Last Updated on April 28, 2020
The slogan “Think globally, act locally” should be the motto of every business that has been focused on its home market. In our digital age, the key barrier to going global has long been language. But now, with the Coronavirus Crisis, going global is more complex but the advantages of multilingual accessibility are even greater now, despite the pandemic and looming recession.
If your website, eshop, mobile app, or software product is in only one or two languages, then you’re almost certainly leaving money on the table. Even in these difficult days, you may be missing an opportunity to open new foreign markets, increasing your audience, and multiplying your revenue.
We’ll consider the resources you’ll need, with options ranging from a translation company specializing in localization, freelance translators, and machine translation services. We’ll help you find the best combination of services for your business.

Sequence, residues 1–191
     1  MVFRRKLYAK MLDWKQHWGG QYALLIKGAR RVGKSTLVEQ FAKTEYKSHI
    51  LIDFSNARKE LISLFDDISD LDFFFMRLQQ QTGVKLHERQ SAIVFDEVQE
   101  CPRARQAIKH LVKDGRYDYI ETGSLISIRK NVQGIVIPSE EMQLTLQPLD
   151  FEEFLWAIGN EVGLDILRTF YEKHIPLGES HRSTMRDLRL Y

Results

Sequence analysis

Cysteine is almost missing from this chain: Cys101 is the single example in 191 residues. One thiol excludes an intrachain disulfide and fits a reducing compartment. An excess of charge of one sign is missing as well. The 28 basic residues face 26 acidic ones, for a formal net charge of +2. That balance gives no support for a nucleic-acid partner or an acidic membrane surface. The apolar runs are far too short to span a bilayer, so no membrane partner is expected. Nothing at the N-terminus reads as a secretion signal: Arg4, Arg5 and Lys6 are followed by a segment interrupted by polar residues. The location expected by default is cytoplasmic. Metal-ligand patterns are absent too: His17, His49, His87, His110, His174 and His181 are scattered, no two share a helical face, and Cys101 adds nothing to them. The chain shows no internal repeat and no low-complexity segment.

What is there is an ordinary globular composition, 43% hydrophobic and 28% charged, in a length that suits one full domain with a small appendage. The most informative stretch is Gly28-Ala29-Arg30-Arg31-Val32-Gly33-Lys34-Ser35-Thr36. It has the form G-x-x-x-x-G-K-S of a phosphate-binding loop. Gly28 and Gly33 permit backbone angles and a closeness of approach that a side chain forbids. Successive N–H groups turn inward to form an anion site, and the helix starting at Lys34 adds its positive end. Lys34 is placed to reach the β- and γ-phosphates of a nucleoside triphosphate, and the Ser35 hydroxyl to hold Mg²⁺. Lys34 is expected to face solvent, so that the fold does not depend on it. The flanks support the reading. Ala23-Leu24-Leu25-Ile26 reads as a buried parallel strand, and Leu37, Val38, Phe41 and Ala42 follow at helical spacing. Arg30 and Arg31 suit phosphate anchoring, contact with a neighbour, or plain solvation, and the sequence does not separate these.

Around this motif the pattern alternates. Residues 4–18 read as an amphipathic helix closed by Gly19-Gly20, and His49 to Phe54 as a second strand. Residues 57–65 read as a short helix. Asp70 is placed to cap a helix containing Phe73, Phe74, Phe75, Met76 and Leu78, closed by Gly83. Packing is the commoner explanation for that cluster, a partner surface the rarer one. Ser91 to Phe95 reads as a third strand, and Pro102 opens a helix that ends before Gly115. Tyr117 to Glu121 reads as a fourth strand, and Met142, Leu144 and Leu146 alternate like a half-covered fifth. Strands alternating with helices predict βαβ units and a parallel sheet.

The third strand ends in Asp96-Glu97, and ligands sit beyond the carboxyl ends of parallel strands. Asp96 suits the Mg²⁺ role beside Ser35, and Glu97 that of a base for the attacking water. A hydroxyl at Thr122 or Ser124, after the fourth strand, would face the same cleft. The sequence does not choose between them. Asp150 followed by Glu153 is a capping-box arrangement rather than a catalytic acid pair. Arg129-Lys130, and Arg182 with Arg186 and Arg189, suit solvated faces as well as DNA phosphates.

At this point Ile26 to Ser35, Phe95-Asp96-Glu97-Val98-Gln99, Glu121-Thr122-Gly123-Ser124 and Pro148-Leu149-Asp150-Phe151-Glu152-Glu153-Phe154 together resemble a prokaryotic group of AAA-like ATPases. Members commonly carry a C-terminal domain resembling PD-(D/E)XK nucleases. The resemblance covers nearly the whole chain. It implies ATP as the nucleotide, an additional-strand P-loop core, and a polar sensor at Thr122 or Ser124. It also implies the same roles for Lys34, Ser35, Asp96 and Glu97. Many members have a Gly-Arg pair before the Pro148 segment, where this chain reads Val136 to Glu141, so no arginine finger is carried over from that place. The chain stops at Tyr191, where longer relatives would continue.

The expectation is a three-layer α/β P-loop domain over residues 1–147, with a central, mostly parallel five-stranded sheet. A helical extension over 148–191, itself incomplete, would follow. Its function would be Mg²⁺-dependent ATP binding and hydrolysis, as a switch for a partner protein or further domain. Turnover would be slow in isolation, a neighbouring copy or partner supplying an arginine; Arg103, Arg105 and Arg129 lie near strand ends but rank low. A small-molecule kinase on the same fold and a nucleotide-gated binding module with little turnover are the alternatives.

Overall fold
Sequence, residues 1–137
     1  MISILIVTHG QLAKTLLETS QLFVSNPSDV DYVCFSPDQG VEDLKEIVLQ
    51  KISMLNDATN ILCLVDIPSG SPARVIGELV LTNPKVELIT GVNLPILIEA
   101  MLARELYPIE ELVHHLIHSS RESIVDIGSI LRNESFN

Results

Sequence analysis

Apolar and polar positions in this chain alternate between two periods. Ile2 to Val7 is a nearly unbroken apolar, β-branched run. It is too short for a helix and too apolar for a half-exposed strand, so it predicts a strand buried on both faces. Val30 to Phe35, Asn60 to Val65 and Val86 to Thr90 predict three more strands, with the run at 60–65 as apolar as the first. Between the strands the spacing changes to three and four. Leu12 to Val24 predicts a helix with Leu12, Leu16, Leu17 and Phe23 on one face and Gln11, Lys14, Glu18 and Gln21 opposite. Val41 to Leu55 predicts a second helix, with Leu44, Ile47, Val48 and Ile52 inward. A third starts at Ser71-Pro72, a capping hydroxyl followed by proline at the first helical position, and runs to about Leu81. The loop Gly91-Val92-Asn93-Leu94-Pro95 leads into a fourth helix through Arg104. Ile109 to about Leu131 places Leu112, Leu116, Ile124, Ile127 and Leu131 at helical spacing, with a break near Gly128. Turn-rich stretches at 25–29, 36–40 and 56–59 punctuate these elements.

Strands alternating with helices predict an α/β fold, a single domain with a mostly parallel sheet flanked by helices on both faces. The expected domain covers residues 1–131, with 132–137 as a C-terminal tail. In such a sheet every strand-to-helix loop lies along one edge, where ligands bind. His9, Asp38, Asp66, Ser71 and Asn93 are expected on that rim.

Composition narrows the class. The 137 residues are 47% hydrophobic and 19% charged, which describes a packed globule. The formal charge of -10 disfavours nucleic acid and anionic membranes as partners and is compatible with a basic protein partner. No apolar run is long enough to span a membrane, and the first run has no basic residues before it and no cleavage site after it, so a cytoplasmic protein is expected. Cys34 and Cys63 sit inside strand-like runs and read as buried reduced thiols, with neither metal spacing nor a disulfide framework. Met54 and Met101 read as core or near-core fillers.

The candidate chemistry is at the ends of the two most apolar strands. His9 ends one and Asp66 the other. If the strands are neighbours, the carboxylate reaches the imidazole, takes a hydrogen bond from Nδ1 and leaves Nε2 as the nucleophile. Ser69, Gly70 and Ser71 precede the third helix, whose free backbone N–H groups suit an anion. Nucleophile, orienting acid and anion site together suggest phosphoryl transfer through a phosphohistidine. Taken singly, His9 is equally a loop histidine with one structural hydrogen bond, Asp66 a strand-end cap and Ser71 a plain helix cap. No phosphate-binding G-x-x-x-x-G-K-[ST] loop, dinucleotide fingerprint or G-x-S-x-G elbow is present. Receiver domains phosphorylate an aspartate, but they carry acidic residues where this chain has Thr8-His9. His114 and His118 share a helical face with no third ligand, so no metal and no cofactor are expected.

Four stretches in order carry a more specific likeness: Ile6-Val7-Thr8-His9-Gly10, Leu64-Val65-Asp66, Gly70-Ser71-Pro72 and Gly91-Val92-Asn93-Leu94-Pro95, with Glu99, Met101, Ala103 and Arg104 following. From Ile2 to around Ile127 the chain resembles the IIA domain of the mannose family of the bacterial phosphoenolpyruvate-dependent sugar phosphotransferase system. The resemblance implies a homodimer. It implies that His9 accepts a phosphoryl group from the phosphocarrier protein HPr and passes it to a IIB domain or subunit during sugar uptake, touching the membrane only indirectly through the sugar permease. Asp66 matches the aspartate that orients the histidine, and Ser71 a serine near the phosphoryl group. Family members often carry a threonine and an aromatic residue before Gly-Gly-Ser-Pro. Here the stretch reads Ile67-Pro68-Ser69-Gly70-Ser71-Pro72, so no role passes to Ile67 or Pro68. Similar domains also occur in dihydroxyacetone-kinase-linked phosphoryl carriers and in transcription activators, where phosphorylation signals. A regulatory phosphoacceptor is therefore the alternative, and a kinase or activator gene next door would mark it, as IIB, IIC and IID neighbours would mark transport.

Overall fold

Terms in Crisis: Translation, Localization, Internationalization, and Globalization
Before getting into the nitty-gritty, let’s get definitions straight. What are translation and localization services? The terms often are used interchangeably.
What is the difference between translation and localization? Translation refers only to the conversion from one language to another. Localization includes that, but also the conversion of numeric and date formats, currencies, and measurements. It also includes accounting for cultural differences between two locations as it affects linguistic and visual choices.
For example, localization services encompass Spanish to English translation, but they might also include other adaptations, such as changing pesos to dollars, or kilograms to pounds. They might also include accounting for distinctions between American and British English.